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Over the last few years, thalidomide has become one of the most important anti-tumour drugs for the treatment of relapsed-refractory multiple myeloma. However, besides its undesirable teratogenic side effect, its configurational instability critically limits any further therapeutic improvements of this drug. In 1999, we developed fluoro-thalidomide which is a bioisostere of thalidomide, but, in sharp contrast to the latter, it is configurationally stable and readily available in both enantiomeric forms. The biological activity of fluoro-thalidomide however, still remains virtually unstudied, with the exception that fluoro-thalidomide is not teratogenic. Herein, we report the first biological evaluation of fluoro-thalidomide in racemic and in both (R)- and (S)-enantiomerically pure forms against (in vitro) H929 cells of multiple myeloma (MM) using an annexin V assay. We demonstrate that all fluoro-thalidomides inhibited the growth of H929 MM cells without any in-vivo activation. Furthermore, we report that the enantiomeric forms of fluoro-thalidomide display different anti-tumour activities, with the (S)-enantiomer being noticeably more potent. The angiogenesis of fluoro-thalidomides is also investigated and compared to thalidomide. The data obtained in this study paves the way towards novel pharmaceutical research on fluoro-thalidomides.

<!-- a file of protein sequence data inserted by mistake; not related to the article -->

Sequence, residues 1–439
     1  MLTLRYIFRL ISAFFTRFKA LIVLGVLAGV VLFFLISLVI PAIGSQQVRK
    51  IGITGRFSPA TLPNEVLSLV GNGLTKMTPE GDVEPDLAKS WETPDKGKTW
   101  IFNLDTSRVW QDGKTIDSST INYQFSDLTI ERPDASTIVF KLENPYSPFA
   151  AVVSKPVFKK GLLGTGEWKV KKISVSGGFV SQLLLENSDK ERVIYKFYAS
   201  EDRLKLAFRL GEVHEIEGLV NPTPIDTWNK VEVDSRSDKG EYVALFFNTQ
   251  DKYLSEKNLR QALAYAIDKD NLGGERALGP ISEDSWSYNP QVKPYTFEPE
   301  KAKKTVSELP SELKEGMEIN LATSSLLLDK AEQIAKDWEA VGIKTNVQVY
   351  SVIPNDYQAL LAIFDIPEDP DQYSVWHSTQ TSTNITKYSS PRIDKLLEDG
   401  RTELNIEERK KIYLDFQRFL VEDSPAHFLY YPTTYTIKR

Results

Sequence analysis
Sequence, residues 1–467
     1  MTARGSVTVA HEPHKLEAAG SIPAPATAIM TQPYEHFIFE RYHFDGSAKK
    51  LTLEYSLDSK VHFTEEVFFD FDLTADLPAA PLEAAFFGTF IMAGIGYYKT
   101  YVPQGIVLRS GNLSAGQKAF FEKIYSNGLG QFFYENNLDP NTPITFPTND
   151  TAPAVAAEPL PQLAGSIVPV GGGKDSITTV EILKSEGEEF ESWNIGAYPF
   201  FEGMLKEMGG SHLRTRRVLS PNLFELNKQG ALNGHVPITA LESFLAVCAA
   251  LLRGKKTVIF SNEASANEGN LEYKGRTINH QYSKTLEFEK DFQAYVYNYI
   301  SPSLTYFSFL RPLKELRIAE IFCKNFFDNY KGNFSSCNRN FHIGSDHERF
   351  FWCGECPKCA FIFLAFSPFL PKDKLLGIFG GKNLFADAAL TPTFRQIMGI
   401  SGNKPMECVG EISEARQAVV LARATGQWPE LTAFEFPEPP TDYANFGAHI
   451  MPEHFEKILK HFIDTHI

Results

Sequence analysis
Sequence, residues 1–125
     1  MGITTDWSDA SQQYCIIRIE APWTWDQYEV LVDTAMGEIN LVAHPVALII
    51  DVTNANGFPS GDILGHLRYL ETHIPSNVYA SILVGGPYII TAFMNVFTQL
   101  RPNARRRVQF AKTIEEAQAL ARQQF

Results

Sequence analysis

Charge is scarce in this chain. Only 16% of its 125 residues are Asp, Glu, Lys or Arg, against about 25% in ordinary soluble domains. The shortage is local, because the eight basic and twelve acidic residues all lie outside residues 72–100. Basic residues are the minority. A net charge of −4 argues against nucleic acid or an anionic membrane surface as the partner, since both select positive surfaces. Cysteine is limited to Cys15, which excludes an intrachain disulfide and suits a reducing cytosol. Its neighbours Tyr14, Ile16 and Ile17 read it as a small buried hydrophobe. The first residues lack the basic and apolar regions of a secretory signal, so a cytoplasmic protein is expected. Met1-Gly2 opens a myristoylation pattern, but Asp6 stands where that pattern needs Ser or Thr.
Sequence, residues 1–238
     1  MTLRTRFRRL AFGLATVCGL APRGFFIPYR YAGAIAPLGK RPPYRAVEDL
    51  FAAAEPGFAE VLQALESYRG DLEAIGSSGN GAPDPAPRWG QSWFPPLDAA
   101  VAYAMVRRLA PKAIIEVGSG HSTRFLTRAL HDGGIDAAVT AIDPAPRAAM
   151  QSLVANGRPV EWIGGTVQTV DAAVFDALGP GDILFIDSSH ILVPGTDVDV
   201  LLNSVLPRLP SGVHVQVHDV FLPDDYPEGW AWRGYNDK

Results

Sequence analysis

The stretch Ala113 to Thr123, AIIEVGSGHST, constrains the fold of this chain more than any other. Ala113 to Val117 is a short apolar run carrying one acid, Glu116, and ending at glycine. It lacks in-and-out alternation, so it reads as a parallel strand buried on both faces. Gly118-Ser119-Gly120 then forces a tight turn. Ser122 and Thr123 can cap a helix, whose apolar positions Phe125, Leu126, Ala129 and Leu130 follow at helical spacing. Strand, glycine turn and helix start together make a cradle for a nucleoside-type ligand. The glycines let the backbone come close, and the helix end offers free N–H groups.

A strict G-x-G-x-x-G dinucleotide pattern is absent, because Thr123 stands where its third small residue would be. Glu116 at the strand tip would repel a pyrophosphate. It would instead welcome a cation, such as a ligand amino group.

Thalidomide (Fig 1) is a notorious drug, due to the significant socio-scientific impact it had on nearly every sector of the healthcare industry. When it first introduced to the market in Germany on October 1, 1957, it was heralded as a "wonder drug" for a multitude of minor health disorders such as nausea, fatigue, insomnia, coughs, colds and headaches. Four years later, it was banned, leaving a trail of demise and misery for tens of thousands of lives [1, 2]. The thalidomide tragedy precipitated a major paradigm shift in pharmacology, leading to the modern concepts of pharmacokinetics and the development of governmental structures responsible for rigorous drug approval and monitoring systems around the world . One of the reasons that thalidomide was considered as a “totally safe drug” was its extraordinary low toxicity . This unique property for a synthetic drug, combined with a diverse range of biological activity and relatively low cost of production, continued to attract the interest of thalidomide researchers as a promising therapeutic candidate . Thus, despite its notorious history, in 1998 and 1999, respectively, the US Food and Drug Administration approved thalidomide for use in the treatment of erythema nodosum leprosum (ENL) and multiple myeloma (MM) . Furthermore, the clinical success of thalidomide led to the development and marketing of several of its analogues, most notably, lenalidomide  and pomalidomide . Considering the well-established role of fluorine in the development of modern drugs [9–13], the synthesis and biological evaluation of fluorine-containing analogues of thalidomide is likely to have great pharmaceutical potential. Among the known fluorinated derivatives of thalidomide [14–20], fluoro-thalidomide (Fig 1) [19–22] is of particular interest for at least two apparent reasons. First, it is well-known that the fluorine-for-hydrogen substitution is bioisosteric, enzymatically indistinguishable, and commonly used in the medicinal/bioorganic chemistry research [23–25]. Consequently, from the standpoint of geometric and stereochemical requirements, thalidomide and fluoro-thalidomide are ultimately close analogues. Of course, it should be kept in mind that bond polarization, polarity and charge distribution are different in these compounds . Second, in sharp contrast to thalidomide , fluoro-thalidomide has a quaternary stereogenic centre that allows the preparation and study of (R)-fluoro-thalidomide and (S)-fluoro-thalidomide enantiomerically pure forms. This issue of configurational instability is at the very core of thalidomide’s problem. It is commonly accepted that only one of thalidomide’s enantiomers, (S)-thalidomide, possesses teratogenic activity while the other, (R)-thalidomide, has the desired therapeutic effects . However, the assumption that thalidomide’s enantiomers possess different bioactivities, while very probable, cannot be unequivocally established due to its rapid in vivo racemization rate . Consequently, there has been a longstanding significant interest in the syntheses and biological studies of configurationally stable thalidomide analogues [29–31]. In this regard, it is interesting to note that a recent study established  that thalidomide and its fluoro-derivative, fluoro-thalidomide possess a high magnitude of self-disproportionation of enantiomers (SDE) [33–35] when assessed by achiral chromatography. Taking into account that the SDE phenomenon is related to the ability of a chiral compound to form homo/hetero-chiral associations [36–38], one can expect that the enantiomers of thalidomide and fluoro-thalidomide might show an explicit preference for the development of homo- or hetero-chiral interactions with chiral biological receptors and, therefore, different bioproperties or bioactivities. While fluoro-thalidomide was first synthesized in 1999 by our group , its biological activity is still virtually unstudied. Thus, there are only preliminary reports on its tumour necrosis factor α (TNF-α) suppressive properties [19–21] and teratogenicity . It is interesting to note that (S)-fluoro-thalidomide was found to be more potent than (R)-fluoro-thalidomide in inhibiting lipopolysaccharide (LPS)-induced TNF-α production in human blood leucocytes . On the other hand, no significant differences between (S)-fluoro-thalidomide and (R)-fluoro-thalidomide were observed in in vivo biological activity of 5,6-dimethylxanthenone-4-acetic acid-induced TNF-α activity in serum and tumour tissue. Very importantly, in 2011 , fluoro-thalidomide was found to be non-teratogenic as the racemic form, i.e., a mixture of (S)-fluoro-thalidomide and (R)-fluoro-thalidomide, reemphasising the importance of studying the biological activity of fluoro-thalidomide and its practical potential. Given that the treatment of multiple myeloma (MM) is one of the most important therapeutic applications of thalidomide the corresponding study of fluoro-thalidomide seems to be of paramount significance. Taking advantage of the recently developed convenient and scalable procedure for the preparation of enantiomerically pure (R)-fluoro-thalidomide and (S)-fluoro-thalidomide , we decided to initiate a systematic study of the biological activity of racemic fluoro-thalidomide and its enantiomers (R)-fluoro-thalidomide and (S)-fluoro-thalidomide for multiple myeloma. The angiogenesis of fluoro-thalidomides is also investigated and compared to thalidomide.